"Natural law -- God's law -- will always trump common law," said Alveda King, niece of Dr. Martin Luther King Jr., and a Christian leader in her own right, "God will have the final word in this matter."
For the past two weeks, the debate over whether Mississippi should remove the Confederate flag from the state flag has focused primarily on two opposing views of what the Confederate flag represents -- heritage or hate.
"This whole week," said President Obama, "I've been reflecting on this idea of grace."
In the Norman Rockwell version of America we carry around in our heads, the paperboy lives forever.
There's no reason under the sun the ducks should have survived this long, but there they are, waddling as fast as they can toward the house.
If anyone should be feeling an overwhelming sense of Groundhog Day this presidential election, c'est moi.
We should seize the moment. As the only state in the union that incorporates the Confederate battle flag in its state flag, we signal to the rest of the world allegiance to a cause a large portion of our population associates with enslavement and oppression.
Sunday's paper held many well-reasoned letters concerning the "Confederate battle flag."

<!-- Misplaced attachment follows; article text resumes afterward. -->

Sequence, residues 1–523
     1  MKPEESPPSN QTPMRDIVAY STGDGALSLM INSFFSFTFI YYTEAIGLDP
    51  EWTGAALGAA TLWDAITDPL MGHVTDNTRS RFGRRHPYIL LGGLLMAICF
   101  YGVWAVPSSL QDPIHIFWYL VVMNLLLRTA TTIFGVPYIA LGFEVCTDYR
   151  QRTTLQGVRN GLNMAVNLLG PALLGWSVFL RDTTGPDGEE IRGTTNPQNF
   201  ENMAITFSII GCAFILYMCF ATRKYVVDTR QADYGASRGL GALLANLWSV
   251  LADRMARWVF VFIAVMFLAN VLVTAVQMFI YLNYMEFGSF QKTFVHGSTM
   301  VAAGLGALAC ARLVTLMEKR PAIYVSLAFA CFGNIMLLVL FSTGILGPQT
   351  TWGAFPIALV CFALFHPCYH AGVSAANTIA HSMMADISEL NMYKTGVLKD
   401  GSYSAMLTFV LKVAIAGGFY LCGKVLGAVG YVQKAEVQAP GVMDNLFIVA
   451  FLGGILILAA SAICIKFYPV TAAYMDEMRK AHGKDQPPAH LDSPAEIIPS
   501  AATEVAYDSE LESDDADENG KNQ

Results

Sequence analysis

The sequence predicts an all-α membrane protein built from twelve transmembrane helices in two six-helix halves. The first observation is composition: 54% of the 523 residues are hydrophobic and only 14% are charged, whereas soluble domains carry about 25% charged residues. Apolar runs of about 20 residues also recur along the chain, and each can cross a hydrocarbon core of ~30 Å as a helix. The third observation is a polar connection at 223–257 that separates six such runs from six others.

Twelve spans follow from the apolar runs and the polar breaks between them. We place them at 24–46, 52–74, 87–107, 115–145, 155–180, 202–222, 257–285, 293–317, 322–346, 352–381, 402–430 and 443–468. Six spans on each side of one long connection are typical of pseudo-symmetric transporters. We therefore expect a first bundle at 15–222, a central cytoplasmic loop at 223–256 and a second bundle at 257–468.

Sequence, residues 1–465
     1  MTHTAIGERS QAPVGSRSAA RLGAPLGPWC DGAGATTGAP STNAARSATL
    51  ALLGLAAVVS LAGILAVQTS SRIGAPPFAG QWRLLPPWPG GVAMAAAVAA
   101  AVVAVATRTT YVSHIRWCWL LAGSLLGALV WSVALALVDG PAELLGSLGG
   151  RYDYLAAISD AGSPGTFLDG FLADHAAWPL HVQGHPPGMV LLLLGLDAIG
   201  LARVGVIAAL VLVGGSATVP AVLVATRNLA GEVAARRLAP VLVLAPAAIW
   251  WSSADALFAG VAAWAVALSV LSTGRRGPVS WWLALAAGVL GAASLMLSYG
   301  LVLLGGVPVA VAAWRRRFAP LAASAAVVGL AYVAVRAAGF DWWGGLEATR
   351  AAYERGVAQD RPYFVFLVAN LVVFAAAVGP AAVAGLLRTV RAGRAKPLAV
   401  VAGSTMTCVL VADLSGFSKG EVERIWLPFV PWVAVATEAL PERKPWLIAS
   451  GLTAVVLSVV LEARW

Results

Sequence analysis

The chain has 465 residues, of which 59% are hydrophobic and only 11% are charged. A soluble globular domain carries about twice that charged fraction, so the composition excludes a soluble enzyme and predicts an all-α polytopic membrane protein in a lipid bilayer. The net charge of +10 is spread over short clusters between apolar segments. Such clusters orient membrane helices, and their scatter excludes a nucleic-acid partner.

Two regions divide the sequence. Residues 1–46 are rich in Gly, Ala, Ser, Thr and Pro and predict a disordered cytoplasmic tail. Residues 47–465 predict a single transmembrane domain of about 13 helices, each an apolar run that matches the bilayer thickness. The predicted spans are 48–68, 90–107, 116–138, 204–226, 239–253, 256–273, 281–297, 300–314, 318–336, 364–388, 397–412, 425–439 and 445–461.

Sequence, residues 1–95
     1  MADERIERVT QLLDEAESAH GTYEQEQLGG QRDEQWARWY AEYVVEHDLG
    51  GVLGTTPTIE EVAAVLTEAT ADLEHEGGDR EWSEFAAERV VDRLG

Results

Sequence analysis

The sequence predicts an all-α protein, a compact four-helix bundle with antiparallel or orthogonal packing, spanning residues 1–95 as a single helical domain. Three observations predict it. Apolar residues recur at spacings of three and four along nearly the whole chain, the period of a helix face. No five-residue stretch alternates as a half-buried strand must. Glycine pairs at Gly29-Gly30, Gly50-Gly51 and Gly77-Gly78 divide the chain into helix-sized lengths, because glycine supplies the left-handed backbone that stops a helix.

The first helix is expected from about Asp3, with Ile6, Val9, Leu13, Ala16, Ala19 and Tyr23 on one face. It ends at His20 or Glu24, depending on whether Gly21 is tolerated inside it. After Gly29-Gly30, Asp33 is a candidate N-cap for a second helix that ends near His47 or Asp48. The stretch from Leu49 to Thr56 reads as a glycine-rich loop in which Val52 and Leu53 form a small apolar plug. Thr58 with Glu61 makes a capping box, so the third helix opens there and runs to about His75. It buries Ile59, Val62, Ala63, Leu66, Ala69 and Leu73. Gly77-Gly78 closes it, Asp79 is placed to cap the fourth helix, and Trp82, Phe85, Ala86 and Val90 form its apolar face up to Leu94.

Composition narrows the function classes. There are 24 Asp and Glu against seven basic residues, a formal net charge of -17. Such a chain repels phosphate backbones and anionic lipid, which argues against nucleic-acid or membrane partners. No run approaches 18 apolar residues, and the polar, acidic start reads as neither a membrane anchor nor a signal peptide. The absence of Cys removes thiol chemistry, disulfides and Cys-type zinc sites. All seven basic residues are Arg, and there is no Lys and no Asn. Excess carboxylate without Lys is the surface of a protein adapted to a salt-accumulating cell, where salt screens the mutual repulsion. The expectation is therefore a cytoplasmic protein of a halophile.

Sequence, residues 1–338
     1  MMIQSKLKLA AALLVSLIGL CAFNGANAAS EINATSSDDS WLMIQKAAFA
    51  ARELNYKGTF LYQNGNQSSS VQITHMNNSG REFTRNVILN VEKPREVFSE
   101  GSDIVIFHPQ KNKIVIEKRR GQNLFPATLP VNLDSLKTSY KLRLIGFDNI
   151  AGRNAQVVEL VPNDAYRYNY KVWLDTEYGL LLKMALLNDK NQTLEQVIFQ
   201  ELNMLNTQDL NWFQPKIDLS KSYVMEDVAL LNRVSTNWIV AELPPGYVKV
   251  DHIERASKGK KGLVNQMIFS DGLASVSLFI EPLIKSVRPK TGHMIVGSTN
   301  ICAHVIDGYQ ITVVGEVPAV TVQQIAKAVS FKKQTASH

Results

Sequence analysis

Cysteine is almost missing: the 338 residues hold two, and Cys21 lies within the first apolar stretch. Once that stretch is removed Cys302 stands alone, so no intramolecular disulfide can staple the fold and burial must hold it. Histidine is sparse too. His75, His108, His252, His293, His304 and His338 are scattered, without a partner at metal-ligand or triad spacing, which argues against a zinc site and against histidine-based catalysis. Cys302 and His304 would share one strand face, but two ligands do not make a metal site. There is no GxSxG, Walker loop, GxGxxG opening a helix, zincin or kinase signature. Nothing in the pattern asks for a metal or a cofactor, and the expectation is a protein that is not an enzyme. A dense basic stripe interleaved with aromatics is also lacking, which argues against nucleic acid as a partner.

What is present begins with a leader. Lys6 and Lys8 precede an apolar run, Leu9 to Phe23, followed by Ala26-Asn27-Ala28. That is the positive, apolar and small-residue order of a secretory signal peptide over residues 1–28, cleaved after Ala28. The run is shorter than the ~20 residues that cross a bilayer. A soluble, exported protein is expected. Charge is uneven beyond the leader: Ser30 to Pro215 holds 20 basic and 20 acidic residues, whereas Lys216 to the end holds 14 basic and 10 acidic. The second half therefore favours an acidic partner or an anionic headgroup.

One stereotype we Southerners love to hear praises our collective gentility. We open doors for ladies. We say yes ma'am and no sir.
Once again the question of Mississippi's flag has reared an ugly head.
Although I find many of your political cartoons, mostly taken from the Atlanta Constitution, objectionable and divisive, I find the one from June 25 to reach a new low.
A rose to the anonymous person who treated local law enforcement to a catfish meal Thursday at Graham Camphouse during a Law Enforcement Appreciation Day. The gesture comes at a time when law enforcement has been portrayed in a negative light around the nation -- deservedly so, in many cases.
I had ancestors who fought and died in the Civil War. I am proud of the Confederate blood in my veins.
The recent article, "A Northern Perspective," by one of your reporters prompted me to respond to his comments about the South in general, and in particular his take on the mindset of the Southerner concerning his Civil War heritage and the ambivalence of the Northerner concerning his own.
Mississippi needs a new flag. This is not because it is politically correct to do so but because it is just plain, flat-out correct to do so.
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